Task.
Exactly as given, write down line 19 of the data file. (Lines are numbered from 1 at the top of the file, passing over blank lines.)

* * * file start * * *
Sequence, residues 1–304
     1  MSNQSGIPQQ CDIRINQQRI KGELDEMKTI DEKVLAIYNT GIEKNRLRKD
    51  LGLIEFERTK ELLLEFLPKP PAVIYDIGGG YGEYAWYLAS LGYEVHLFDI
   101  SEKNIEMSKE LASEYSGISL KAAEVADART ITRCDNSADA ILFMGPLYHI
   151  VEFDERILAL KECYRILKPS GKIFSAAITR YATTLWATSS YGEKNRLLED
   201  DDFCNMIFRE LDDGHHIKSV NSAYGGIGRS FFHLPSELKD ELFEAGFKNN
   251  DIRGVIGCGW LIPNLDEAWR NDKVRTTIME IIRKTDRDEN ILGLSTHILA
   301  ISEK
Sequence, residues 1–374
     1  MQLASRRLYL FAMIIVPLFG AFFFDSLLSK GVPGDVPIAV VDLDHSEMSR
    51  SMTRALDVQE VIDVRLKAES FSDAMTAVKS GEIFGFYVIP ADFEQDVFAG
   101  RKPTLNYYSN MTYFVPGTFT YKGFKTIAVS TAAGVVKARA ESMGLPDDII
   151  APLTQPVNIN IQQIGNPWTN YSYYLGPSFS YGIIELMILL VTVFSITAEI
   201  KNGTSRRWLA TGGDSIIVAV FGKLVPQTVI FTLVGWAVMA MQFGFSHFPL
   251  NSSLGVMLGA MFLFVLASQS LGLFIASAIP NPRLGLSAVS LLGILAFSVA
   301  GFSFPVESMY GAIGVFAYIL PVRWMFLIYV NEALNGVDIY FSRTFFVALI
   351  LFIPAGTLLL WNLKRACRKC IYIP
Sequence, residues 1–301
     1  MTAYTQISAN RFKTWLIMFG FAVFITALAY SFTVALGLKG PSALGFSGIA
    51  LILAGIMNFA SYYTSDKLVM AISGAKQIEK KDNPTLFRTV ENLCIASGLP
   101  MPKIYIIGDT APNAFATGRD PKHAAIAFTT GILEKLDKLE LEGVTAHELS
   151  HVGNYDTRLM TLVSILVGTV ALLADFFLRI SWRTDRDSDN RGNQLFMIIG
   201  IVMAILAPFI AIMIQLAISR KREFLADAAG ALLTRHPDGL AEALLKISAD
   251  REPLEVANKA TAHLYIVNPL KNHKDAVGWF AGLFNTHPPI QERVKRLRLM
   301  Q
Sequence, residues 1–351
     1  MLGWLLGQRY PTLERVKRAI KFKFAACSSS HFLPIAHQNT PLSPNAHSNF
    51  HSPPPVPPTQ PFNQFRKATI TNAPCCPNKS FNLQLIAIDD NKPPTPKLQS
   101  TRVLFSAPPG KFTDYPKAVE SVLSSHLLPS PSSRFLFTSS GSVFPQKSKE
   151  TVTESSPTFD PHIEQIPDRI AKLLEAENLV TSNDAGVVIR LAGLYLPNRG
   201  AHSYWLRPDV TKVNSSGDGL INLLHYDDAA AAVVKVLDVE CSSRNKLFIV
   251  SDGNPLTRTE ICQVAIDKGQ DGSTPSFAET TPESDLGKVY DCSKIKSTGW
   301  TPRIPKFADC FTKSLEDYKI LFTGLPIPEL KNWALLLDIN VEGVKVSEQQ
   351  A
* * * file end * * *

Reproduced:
     1  MTAYTQISAN RFKTWLIMFG FAVFITALAY SFTVALGLKG PSALGFSGIA